# Spin 1 Particle in a time dependant magnetic field

## Homework Statement

https://fbcdn-sphotos-c-a.akamaihd.net/hphotos-ak-prn2/1483071_10151813160569290_1331827985_n.jpg

## Homework Equations

$$\left|\psi ,t\right\rangle=\sum_i c_i(t)e^{-\frac{i E_n t}{\hbar}}\left|n\right\rangle$$

## The Attempt at a Solution

I'm quite lost on how to even start this. I can work out that the hamiltonian is$$H(t)=\gamma S_z B(t)$$Then I tried to put that into the time-dependant shrodinger equation. $$-i\hbar \frac{d}{dt}\left|\psi(t)\right\rangle=H(t)\left|\psi(t)\right\rangle$$but I am not really sure if this is correct or even how to begin solving this.

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TSny
Homework Helper
Gold Member
I'm quite lost on how to even start this. I can work out that the hamiltonian is$$H(t)=\gamma S_z B(t)$$Then I tried to put that into the time-dependant shrodinger equation. $$-i\hbar \frac{d}{dt}\left|\psi(t)\right\rangle=H(t)\left|\psi(t)\right\rangle$$but I am not really sure if this is correct or even how to begin solving this.
I think you're on the right track. After substituting the given expression for |ψ(t)> into the Schrodinger equation, you should be able to get a differential equation for each coefficient ci(t).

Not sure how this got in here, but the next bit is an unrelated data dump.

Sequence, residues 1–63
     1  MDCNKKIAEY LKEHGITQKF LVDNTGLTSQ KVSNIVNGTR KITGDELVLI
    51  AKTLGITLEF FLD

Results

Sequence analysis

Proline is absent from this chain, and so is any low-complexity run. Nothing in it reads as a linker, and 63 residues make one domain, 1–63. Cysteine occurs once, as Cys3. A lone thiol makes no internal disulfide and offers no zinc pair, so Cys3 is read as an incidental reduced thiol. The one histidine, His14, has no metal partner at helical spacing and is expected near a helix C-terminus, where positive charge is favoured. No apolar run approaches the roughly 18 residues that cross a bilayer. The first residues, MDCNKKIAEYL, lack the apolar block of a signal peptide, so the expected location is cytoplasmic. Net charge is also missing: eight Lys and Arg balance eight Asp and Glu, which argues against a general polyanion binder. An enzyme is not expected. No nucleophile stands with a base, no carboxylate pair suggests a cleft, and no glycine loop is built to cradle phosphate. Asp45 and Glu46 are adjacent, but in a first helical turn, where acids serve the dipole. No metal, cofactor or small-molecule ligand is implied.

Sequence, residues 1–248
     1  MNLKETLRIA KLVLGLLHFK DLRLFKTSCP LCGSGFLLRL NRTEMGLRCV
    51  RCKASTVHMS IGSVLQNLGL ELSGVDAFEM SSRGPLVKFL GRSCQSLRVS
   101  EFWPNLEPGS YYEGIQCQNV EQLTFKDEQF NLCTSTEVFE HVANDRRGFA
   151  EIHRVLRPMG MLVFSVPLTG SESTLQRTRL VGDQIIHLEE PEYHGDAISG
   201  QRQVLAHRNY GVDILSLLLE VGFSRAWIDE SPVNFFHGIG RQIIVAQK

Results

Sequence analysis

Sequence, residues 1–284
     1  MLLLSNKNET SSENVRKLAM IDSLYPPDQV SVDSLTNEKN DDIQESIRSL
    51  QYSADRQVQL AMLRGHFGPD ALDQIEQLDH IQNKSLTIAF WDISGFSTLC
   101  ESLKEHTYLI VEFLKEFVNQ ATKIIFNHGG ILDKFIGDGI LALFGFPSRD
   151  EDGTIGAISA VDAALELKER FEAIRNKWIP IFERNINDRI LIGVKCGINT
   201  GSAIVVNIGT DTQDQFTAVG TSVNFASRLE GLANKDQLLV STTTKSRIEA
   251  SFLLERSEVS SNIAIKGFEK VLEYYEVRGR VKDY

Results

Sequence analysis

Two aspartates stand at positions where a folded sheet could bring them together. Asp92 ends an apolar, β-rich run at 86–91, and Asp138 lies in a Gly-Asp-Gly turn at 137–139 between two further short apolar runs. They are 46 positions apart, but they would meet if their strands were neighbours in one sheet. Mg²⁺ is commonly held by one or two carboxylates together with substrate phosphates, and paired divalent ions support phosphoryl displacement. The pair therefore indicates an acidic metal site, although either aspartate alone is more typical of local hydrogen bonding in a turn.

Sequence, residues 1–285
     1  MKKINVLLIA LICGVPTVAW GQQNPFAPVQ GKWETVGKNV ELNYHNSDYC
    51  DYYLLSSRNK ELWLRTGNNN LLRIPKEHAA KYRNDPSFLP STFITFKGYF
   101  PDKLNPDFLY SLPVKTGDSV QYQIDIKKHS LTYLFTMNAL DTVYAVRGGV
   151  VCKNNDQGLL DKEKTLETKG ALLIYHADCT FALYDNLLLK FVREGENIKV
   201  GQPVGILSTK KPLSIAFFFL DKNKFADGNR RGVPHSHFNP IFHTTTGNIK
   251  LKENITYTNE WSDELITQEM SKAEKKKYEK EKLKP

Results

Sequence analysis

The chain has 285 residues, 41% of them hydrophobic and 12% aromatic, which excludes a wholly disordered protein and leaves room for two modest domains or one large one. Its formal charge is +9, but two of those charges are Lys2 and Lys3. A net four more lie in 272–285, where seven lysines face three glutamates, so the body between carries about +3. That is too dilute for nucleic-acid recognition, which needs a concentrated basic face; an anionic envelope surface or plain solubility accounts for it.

I'm still stuck on this one actually. I don't think I am substituting $\left|\psi ,t \right\rangle$ into the equation properly. How to I get $\psi (t)$ from $\left|\psi ,t \right\rangle$?

wait, can I say$$\left| \psi ,t \right\rangle=c_1(t)\left| 1,1 \right\rangle+c_2(t)\left| 1,0 \right\rangle+c_3(t)\left| 1,-1 \right\rangle$$$$\left| \psi ,t \right\rangle=c_1(t)\left(\begin{matrix}1 \\ 0 \\ 0\end{matrix}\right)+c_2(t)\left(\begin{matrix}0 \\ 1 \\ 0\end{matrix}\right)+c_3(t)\left(\begin{matrix}0 \\ 0 \\ 1\end{matrix}\right)$$$$\left| \psi ,t \right\rangle=\left(\begin{matrix} c_1(t) \\ c_2(t) \\ c_3(t)\end{matrix}\right)$$

and then $$i\hbar\frac{d}{dt}\left| \psi ,t \right\rangle=\gamma B(t) S_z\left| \psi ,t \right\rangle$$

$$i\hbar \left(\begin{matrix} c'_1(t) \\ c'_2(t) \\ c'_3(t)\end{matrix}\right)=\hbar\gamma B(t)\left(\begin{matrix}1 & 0&0\\0&0&0\\0&0&-1\\\end{matrix}\right)\left(\begin{matrix} c_1(t) \\ c_2(t) \\ c_3(t)\end{matrix}\right)$$

and then get $$c'_1(t)=-i\gamma B(t) c_1(t)$$$$c'_2(t)=0$$$$c'_3(t)=i\gamma B(t) c_3(t)$$

TSny
Homework Helper
Gold Member
Yes, that looks good. Just have to solve each of these equations.

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